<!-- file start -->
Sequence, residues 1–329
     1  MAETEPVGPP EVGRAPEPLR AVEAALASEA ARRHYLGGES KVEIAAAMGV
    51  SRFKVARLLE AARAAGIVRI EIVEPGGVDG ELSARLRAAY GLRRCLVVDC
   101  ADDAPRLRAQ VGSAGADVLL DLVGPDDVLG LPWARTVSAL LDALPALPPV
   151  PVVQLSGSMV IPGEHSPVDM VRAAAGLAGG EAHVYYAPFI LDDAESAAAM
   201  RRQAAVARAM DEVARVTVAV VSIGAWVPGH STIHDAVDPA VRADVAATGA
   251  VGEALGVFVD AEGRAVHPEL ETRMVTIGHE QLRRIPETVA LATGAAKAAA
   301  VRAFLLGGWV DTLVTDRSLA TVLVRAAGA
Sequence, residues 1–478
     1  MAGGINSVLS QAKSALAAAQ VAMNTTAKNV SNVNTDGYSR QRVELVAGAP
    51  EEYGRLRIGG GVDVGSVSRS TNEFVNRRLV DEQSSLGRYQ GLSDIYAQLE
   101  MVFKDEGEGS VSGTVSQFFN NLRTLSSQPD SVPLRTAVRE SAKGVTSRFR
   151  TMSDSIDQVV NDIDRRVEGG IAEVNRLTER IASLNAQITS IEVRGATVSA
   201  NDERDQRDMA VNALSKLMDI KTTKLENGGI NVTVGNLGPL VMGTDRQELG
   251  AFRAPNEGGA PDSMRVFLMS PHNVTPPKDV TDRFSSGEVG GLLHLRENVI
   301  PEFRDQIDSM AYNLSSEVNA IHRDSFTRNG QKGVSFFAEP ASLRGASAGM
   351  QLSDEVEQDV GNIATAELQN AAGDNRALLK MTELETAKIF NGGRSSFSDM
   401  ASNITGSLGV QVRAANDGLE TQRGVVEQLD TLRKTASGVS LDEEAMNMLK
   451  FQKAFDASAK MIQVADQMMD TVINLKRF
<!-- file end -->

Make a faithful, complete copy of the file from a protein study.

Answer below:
Sequence, residues 1–329
     1  MAETEPVGPP EVGRAPEPLR AVEAALASEA ARRHYLGGES KVEIAAAMGV
    51  SRFKVARLLE AARAAGIVRI EIVEPGGVDG ELSARLRAAY GLRRCLVVDC
   101  ADDAPRLRAQ VGSAGADVLL DLVGPDDVLG LPWARTVSAL LDALPALPPV
   151  PVVQLSGSMV IPGEHSPVDM VRAAAGLAGG EAHVYYAPFI LDDAESAAAM
   201  RRQAAVARAM DEVARVTVAV VSIGAWVPGH STIHDAVDPA VRADVAATGA
   251  VGEALGVFVD AEGRAVHPEL ETRMVTIGHE QLRRIPETVA LATGAAKAAA
   301  VRAFLLGGWV DTLVTDRSLA TVLVRAAGA
Sequence, residues 1–478
     1  MAGGINSVLS QAKSALAAAQ VAMNTTAKNV SNVNTDGYSR QRVELVAGAP
    51  EEYGRLRIGG GVDVGSVSRS TNEFVNRRLV DEQSSLGRYQ GLSDIYAQLE
   101  MVFKDEGEGS VSGTVSQFFN NLRTLSSQPD SVPLRTAVRE SAKGVTSRFR
   151  TMSDSIDQVV NDIDRRVEGG IAEVNRLTER IASLNAQITS IEVRGATVSA
   201  NDERDQRDMA VNALSKLMDI KTTKLENGGI NVTVGNLGPL VMGTDRQELG
   251  AFRAPNEGGA PDSMRVFLMS PHNVTPPKDV TDRFSSGEVG GLLHLRENVI
   301  PEFRDQIDSM AYNLSSEVNA IHRDSFTRNG QKGVSFFAEP ASLRGASAGM
   351  QLSDEVEQDV GNIATAELQN AAGDNRALLK MTELETAKIF NGGRSSFSDM
   401  ASNITGSLGV QVRAANDGLE TQRGVVEQLD TLRKTASGVS LDEEAMNMLK
   451  FQKAFDASAK MIQVADQMMD TVINLKRF